Texas goes to McCain, and the lagging red boxcar limps its way up to almost halfway the height of the blue one. I crane my upper body over the railing to get a good look at the ice (I can only really see the northeast down to about North Carolina unless I get all contortionist about it). I thought Wyoming was big--man, Texas is motherhonking HUGE.

It takes three people to carry it out in what looks to be a tent for the brady bunch to camp in. Good God, it's so dang red, so incredibly hotel lobby looking. I'm not sure Texas has ever looked this formal. But they get it on there and blow dry it with the enormous leaf blower jet packs and buff it like professional Canadian curlers in the winter Olympics, and we're off.

Ohio has since gone to another O and it finally dons on me the election has ended. It's just a matter of time til they call the west coast. We finish the wine in the portable coffee thermos and head on our way. Nothing has officially registered because nothing has officially happened. I left things hanging back at the Rock with the blue trolley banner around the twenty second story and nearly 205 electoral votes or some shit. But I know better and we get on the subway and besides the crowd is getting the sense that the networks are talking around something ("i feel like they're not telling me something, bob? Do you get that sense? Why are they being so scripted sounding, it's like they don't know what to say...")

We take the D train and cross above ground over the manhattan bridge. The view of the East River, the tugboats and the Brooklyn ports and the barges and the Brooklyn Bridge always gets me, so I'm kind of tripping the lights fantastic, when this girl in the corner of the car squeals while looking into her phone display, "Obama won!" She does a sort of happy dance in the seat with her feet and her friend hugs her and he keeps on dancing. The woman across from me with the alphabet blocks spelling 'obama' on her hoop earrings keeps her eyes closed, not even stirring at the news.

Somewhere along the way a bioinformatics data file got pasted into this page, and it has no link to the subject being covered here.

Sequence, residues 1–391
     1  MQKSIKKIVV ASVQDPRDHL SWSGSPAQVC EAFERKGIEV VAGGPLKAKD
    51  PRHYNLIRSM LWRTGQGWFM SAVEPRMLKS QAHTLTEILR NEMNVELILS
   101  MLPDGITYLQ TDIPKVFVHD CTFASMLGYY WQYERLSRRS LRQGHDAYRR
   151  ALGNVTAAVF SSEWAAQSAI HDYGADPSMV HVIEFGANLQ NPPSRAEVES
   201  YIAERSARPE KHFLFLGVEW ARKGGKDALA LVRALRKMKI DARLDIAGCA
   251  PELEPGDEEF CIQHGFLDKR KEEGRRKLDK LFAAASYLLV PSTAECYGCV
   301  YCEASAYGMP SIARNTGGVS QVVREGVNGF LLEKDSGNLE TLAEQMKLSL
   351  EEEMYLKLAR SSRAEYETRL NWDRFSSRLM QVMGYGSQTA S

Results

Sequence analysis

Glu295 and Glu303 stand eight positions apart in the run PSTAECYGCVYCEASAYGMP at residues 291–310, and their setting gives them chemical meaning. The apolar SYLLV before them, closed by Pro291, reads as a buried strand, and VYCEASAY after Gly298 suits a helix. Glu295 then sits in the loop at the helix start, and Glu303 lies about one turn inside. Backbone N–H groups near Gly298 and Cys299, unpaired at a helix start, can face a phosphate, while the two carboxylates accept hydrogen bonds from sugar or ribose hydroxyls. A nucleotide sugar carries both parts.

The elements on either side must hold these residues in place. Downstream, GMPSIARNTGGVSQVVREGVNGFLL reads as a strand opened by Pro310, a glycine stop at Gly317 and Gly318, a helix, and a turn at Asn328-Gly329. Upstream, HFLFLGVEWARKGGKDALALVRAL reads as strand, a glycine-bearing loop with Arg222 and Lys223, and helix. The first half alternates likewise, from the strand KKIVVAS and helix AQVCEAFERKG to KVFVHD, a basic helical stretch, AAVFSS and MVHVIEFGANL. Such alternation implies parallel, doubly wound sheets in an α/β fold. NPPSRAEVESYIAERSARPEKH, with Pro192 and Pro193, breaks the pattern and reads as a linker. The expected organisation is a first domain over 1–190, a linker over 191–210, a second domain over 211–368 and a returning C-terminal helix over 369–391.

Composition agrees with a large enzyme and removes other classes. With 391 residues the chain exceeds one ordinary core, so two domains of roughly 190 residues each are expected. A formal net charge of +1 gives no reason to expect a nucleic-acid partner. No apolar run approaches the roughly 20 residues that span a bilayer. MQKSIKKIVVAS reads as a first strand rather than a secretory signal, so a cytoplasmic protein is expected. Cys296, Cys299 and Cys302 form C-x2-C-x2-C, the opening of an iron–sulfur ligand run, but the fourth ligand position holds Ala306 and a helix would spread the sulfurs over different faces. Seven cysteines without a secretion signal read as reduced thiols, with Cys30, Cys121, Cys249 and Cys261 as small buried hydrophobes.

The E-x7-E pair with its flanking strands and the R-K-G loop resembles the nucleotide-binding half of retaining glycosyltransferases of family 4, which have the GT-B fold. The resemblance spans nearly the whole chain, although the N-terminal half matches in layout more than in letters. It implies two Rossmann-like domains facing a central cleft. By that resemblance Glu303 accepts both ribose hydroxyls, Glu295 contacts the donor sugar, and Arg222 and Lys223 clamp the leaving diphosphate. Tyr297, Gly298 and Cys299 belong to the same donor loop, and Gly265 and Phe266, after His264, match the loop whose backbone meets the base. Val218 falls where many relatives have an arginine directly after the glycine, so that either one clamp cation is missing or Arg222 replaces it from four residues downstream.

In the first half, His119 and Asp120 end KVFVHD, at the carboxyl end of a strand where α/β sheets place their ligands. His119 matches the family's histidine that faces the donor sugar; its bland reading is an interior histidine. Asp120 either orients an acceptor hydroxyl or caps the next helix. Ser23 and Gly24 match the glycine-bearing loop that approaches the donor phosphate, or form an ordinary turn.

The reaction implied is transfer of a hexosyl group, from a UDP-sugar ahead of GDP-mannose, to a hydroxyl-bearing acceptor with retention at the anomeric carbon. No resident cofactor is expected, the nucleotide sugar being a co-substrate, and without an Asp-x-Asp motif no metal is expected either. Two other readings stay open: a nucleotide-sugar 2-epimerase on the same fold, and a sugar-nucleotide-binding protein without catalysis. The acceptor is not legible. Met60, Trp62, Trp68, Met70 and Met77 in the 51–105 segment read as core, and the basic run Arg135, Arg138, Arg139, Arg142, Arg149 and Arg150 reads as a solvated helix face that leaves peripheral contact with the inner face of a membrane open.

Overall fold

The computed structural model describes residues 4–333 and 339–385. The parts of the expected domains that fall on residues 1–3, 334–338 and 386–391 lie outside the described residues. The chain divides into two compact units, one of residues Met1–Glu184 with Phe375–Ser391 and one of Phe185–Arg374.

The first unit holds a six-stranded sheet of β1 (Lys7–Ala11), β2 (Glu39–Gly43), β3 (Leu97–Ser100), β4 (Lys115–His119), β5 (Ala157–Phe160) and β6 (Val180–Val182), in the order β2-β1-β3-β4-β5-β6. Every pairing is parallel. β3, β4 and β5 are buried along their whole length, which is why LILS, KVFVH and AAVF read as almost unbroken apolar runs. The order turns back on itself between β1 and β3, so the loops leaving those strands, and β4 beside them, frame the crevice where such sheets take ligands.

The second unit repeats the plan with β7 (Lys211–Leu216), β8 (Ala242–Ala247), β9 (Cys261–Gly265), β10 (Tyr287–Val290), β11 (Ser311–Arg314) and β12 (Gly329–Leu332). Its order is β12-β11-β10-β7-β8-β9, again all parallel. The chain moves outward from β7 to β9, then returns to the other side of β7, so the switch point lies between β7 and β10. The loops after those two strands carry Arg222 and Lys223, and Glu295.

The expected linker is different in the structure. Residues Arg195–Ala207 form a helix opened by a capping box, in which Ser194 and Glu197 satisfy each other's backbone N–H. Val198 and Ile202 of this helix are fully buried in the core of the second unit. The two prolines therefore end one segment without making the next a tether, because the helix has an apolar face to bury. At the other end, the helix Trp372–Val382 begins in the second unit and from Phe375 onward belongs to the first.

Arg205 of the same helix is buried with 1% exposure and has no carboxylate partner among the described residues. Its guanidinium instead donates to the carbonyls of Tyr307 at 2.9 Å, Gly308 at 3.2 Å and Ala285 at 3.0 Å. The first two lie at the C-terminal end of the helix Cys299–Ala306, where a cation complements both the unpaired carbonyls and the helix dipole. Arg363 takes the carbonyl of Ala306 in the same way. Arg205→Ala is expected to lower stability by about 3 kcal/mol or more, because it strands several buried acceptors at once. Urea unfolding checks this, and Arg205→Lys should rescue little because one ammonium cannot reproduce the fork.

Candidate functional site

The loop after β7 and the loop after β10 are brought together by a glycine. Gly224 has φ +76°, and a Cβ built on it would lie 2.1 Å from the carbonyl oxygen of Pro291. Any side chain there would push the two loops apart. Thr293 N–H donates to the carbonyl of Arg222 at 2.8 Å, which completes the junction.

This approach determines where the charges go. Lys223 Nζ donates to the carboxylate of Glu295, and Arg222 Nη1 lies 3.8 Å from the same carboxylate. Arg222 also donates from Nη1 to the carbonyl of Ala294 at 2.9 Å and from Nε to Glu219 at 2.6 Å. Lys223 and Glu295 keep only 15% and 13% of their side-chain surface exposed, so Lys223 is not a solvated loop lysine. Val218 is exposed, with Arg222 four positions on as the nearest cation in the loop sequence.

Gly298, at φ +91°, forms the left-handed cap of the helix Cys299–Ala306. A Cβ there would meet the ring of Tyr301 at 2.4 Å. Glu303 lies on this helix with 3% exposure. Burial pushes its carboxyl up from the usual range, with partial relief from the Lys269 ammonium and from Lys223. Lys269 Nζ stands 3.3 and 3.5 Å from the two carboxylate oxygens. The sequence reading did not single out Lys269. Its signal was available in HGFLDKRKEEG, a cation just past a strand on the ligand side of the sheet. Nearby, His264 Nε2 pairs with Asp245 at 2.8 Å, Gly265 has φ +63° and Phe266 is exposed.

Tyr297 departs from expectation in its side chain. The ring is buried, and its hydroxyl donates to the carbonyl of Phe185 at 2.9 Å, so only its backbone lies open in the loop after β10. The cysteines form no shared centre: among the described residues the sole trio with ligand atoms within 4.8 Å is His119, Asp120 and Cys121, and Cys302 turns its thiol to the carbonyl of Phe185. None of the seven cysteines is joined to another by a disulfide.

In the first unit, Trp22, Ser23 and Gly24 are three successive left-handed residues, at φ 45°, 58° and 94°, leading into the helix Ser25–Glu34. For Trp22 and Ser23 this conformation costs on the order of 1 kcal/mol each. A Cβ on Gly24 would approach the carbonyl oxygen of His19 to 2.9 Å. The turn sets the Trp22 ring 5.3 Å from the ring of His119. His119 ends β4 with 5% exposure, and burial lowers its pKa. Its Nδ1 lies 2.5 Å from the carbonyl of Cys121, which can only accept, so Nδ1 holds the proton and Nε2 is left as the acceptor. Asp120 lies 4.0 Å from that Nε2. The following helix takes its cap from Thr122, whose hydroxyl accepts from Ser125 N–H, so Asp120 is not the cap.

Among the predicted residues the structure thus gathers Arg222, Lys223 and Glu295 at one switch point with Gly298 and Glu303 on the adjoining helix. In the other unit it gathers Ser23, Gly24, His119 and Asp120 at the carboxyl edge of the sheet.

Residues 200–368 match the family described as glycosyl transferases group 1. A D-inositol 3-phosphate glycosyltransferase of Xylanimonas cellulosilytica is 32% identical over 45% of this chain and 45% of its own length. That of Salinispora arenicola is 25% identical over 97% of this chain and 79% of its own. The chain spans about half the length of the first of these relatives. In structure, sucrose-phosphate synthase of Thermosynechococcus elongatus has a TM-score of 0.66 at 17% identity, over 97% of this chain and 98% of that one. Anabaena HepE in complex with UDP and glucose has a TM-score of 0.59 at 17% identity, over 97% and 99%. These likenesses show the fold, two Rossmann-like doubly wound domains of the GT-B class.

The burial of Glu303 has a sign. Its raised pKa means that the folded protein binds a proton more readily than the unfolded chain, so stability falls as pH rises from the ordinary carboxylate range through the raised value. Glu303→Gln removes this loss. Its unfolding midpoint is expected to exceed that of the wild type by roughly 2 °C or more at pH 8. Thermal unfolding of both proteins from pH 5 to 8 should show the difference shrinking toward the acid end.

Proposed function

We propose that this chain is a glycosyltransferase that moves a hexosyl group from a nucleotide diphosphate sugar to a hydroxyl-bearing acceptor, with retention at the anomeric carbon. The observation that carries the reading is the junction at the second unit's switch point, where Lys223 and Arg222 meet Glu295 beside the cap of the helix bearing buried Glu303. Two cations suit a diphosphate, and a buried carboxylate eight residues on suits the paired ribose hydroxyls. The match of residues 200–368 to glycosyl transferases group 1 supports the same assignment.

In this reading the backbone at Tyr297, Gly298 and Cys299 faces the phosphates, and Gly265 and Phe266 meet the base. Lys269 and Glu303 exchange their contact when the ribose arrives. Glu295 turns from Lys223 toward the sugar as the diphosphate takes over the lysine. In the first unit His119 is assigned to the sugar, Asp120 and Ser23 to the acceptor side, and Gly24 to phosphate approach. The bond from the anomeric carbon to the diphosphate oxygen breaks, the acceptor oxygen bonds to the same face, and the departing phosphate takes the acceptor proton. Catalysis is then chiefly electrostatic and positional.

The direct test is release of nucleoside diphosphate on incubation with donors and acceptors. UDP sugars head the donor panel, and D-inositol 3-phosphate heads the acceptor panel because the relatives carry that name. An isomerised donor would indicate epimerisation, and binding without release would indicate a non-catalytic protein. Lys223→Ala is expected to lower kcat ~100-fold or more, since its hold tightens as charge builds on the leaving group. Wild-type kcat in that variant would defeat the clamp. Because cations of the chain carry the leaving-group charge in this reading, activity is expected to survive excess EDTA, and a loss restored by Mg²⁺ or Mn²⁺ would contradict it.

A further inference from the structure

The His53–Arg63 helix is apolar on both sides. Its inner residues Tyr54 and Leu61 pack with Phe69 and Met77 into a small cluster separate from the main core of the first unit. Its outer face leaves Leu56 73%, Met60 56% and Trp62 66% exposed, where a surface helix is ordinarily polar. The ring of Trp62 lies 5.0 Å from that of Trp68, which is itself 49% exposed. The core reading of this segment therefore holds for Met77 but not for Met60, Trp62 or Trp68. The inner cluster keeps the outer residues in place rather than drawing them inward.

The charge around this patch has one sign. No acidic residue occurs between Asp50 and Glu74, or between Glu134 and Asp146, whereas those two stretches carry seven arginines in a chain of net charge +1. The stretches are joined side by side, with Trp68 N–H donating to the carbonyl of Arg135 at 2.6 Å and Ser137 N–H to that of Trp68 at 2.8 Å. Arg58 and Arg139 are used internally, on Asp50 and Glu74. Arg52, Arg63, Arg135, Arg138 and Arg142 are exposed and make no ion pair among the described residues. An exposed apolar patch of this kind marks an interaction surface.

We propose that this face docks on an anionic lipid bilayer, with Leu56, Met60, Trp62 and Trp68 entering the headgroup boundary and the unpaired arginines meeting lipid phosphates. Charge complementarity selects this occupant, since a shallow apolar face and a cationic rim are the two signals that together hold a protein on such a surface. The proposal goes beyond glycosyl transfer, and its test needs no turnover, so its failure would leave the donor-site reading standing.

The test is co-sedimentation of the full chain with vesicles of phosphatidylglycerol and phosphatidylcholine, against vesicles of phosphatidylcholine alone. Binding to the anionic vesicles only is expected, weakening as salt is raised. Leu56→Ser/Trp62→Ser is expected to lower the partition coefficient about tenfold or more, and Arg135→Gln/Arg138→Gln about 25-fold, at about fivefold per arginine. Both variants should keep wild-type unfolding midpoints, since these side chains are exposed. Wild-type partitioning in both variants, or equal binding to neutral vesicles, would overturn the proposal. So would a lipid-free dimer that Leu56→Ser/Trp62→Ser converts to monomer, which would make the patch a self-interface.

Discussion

We transfer at Atlantic to a 2 train, which drops us off a little further from our apartment, but away from the car oriented Eastern Parkway and closer to the small streets of President and Union. We pop up out of the station and it is absolute pandemonium. Cars full of black Americans and West Indians and Caribbean folks are honking in ecstacy, people are hanging out of their balconies Mardi Gras people, and everywhere, everywhere--in the streets, on the pavement--folks are shouting. It's just noise for the most part, the cacophonous roar of jubilation, but every now and then you catch shouts which consist mostly of "Barack Obama! Whooooo!" And if you pay close attention you can tune in to individuals. Girl on a cell phone, holding it in front of her:

"Bitch, you haven't paid your taxes in three years. Barack Obama, that's all you need to say."

I popped my head for a moment into a teeming bar that was bouncing and sending electrical currents through every body in the place. I glanced a TV mounted up in the corner of the bar and looked over those bouncing shoulders to read the headline saying, "Barack Obama Elected President of the United States." The place was all lit up and the door was wide open. It was nothing for me to peer in like that.

One man coming the other way down the street looked me dead in the eye with the most warmth I've ever felt by a stranger with that dark a skin looking at my white ass, then put his arms straight up over his head, his fists tight, his cheeks bright with teary streams, and shouted, "Barack Obama! God Bless the United States of America." He shut his eyes and when he opened them the woman sitting near us on the train was swaying in his arms in a hug. "Come here, brother--just come here..."

By the time we had gotten to where our usual stop, Nostrand Avenue, is, I was thankful we hadn't gotten out there, as the scene was calm and emptied of people. Just cars tooting by occasionally. It was eerie quiet after the ruckus on our block, but then a tax stopped going the other way and let out an old woman with a cane. It was just her and me and Olivia, and she took that cane and pumped it over her head and just let loose with a soul shout: "Hoooooo-whoooo! Hoooooo-whoo!" And got her keys out of her pocket and put her cane down and in a very dignified fashion got into her house.

"Exactly," I said, and walked on down the line.